After seeing each other during the lows, seeing each other during the highs was such a great feeling. Getting involved on campus, making new friends, and succeeding in classes are only a few of the many ways you have watched each other grow.

There was so much time to bond before the stresses of college would later take over.

Freshman year was not "easy," but looking back on it, it was more manageable than you thought at the time. College only gets busier the more the years go on, which means less free time. Freshman year you went to lunch, dinner, the gym, class, events, and everything else possible together. You had the chance to be each other's go-to before it got tough.

No matter what, you always bounced back to being inseparable.

Phases of not talking or seeing each other because of business and stress would come and go. Even though you physically grew apart, you did not grow apart as friends. When one of you was in a funk, as soon as it was over, you bounced right back. You and your freshman roommate were inseparable.

The "remember that one time, freshman year..." stories never end.

Looking back on freshman year together is one of my favorite times. There are so many stories you have made, which at the time seemed so small, that bring the biggest laughs today. You will always have those stories to share together.

SEE ALSO: 15 Things You Say To Your Roommates Before Going Out

The unspoken rule that no matter how far apart you grow, you are always there for each other.

It is sad to look back and realize everything that has changed since your freshman year days. You started college with a clean slate, and all you really had was each other. Even though you went separate ways, there is an unspoken rule that you are still always there for each other.

Your old dorm room is now filled with two freshmen trying to make it through their first year. They will never know all the memories that you made in that room, and how it used to be your home. You can only hope that they will have the relationship you had together to reflect on in the years to come.

Cover Image Credit: Katie Ward

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It's 2019 And Gun Violence Is Still All Around Us

Every day, 100 Americans are killed with guns and hundreds more are shot and injured. The effects of gun violence extend far beyond these casualties.


A year ago, my cousin's husband was murdered at his job along with a co-worker. The weapon used to commit the double homicide? A shotgun purchased at 4:15 p.m. on the day of the murders from a pawnshop in town. The perpetrator asked for the cheapest shotgun and paid $145 for it. My cousin lost her life partner and their son lost his father.

$145 to take the life of two men who had families and loved ones.

On March 15, 2019, I saw news reports of a hate-fueled mass shooting in Christchurch, New Zealand. At least 49 people were killed and 20 seriously injured in two mosques. Last year, in October 2018, a hate crime occurred in Pittsburgh, Pennslyvania, in a Jewish synagogue, leaving eleven dead and six injured. In November 2017, a gunman killed 26 people at a small Baptist church in Sutherland Springs, Texas. Nine people died in 2015 at an African Methodist Episcopal church after a shooting in Charleston, South Carolina.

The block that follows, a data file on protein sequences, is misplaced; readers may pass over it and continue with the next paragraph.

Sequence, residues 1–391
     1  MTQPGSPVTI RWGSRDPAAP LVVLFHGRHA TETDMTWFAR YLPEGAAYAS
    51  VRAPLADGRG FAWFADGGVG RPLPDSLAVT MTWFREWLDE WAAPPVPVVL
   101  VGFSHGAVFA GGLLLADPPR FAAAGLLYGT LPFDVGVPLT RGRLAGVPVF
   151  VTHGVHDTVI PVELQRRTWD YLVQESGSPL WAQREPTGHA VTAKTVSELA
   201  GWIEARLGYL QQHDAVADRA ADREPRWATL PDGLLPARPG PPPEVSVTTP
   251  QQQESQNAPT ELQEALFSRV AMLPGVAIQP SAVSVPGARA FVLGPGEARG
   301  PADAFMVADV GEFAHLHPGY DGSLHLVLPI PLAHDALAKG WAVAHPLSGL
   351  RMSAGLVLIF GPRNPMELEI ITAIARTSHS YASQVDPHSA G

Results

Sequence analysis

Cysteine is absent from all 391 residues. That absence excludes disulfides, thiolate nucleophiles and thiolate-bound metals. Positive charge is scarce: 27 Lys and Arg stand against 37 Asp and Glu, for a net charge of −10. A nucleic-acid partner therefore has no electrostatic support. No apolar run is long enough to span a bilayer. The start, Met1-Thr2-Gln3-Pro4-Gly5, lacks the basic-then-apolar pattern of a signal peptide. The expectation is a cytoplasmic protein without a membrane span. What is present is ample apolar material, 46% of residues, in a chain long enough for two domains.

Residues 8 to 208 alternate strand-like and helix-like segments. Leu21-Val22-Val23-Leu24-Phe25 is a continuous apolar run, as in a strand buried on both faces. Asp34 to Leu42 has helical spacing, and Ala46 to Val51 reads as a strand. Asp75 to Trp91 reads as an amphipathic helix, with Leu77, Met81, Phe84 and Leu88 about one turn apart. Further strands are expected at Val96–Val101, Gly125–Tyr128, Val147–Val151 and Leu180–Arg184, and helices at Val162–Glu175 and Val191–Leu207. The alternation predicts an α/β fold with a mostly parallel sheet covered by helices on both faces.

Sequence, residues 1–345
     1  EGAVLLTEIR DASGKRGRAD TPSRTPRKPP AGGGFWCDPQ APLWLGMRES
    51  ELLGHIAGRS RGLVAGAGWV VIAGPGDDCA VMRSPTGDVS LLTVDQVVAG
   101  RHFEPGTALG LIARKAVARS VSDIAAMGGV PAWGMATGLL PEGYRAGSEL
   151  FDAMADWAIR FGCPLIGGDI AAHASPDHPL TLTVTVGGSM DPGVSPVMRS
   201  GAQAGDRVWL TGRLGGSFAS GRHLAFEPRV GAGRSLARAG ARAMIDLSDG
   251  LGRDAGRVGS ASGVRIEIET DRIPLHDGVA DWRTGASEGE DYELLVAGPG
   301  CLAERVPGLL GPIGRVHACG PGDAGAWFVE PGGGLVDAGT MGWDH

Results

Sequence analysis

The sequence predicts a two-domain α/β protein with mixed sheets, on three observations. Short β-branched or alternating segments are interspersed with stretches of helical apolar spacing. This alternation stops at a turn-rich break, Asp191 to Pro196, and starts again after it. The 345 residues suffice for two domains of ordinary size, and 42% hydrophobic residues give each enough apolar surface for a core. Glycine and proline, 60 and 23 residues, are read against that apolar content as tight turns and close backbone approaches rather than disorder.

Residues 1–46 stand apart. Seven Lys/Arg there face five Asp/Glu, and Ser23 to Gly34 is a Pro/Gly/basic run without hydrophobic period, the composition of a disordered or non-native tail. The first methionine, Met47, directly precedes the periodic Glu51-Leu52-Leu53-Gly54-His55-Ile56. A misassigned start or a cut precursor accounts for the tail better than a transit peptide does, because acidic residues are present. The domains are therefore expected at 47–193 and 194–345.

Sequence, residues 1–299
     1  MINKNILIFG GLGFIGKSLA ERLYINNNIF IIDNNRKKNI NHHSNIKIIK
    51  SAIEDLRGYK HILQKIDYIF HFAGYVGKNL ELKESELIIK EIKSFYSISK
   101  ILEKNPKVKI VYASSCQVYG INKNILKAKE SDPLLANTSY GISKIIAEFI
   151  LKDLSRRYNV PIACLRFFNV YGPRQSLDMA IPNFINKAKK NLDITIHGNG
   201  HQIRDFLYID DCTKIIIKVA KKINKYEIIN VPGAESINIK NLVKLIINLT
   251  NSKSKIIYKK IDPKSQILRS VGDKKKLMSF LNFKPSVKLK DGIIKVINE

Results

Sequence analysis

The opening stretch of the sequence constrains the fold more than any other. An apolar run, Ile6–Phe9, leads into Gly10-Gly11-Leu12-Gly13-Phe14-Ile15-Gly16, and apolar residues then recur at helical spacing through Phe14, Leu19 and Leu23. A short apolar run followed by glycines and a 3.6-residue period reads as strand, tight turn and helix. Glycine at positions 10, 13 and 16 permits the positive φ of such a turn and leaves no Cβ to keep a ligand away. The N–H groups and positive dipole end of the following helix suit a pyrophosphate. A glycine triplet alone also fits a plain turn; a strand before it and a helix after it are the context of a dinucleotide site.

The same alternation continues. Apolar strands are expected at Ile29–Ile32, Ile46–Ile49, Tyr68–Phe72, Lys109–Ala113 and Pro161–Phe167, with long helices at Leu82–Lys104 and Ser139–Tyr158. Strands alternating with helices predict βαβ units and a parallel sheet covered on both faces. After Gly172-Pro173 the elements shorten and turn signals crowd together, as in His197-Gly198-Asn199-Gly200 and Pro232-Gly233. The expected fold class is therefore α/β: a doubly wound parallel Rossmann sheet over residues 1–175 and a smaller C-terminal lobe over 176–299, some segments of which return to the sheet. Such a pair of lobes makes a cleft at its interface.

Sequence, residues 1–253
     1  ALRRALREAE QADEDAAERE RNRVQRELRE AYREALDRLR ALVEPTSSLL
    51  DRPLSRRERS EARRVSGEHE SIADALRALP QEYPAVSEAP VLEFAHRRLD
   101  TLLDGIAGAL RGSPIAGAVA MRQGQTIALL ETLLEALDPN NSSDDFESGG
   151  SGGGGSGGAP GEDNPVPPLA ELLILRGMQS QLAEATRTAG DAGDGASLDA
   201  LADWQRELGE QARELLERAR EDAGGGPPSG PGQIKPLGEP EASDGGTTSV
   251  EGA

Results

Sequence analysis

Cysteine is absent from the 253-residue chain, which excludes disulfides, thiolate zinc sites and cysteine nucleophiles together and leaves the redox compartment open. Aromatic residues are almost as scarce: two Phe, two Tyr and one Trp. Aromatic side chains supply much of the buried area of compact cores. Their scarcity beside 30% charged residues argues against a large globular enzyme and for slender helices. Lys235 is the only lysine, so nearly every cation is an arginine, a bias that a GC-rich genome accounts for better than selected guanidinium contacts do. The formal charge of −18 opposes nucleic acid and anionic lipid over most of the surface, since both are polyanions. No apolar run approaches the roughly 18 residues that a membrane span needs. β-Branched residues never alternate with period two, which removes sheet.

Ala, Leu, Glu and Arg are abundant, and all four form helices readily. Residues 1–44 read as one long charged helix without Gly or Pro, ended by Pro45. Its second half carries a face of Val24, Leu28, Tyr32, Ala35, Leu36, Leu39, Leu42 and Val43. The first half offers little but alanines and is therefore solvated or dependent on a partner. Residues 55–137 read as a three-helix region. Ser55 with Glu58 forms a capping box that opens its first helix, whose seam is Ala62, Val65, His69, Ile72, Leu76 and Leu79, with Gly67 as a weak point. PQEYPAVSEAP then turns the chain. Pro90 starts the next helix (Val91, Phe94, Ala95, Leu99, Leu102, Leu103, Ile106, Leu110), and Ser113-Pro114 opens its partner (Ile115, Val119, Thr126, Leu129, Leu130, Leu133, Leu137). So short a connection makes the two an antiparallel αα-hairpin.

This list could go on and on. Shootings at schools, malls, movie theaters, concerts; almost any public place you can imagine. Many of them are based on racial or religious discrimination.

A crime I will never forget is the hate-crime committed against Deah Barakat, his wife Yusor Abu-Salha, and her sister Razan Abu-Salha. They were killed in Chapel Hill, North Carolina, in February 2017, for no reason other than their race, their religion, and a dispute over a parking spot. As all three of them were leaders in their schools and communities, a foundation has been set up in their honor in the hopes of bringing awareness to and ending implicit racial biases.

Another name I will never forget, Eve Carson. She was the student body president at UNC-Chapel Hill who was shot and killed in March 2008. Gun violence happens every day in our communities and leaves a lasting impact on all of us, whether we realize it or not.

I'm not going to lie. My favorite kinds of shows are crime dramas, real or fiction. Guns and gun violence are prominent in some of my favorite shows, and some of my favorite characters use them with no hesitation. We, as fans, know these images impact us. In film and TV, a weapon — most often, a gun — is the equalizer, the thing that gives you the power to turn the tables on all those things holding you back.

Gun violence is prevalent, not only in entertainment but also in reality. Yet so far, a tragedy of this nature has yet to break the hold that the gun seems to have over American culture.

Calle 13 - La Bala

I'm not here to try to force my personal opinion on you. But I think we should ask ourselves questions.

Why do states impose 'waiting periods' for abortions but not for gun purchases? Why can a man just walk in and out of a store with a cheap gun that he will use later that day to destroy lives?

Why are there so many hate crimes with such a blatant disregard for life, and no discrimination on who's on the other side of the gun?

We are so overloaded with information on a daily basis that it's starting to blur together. These things keep happening because we just keep arguing about it and never do anything real to prevent it from happening again.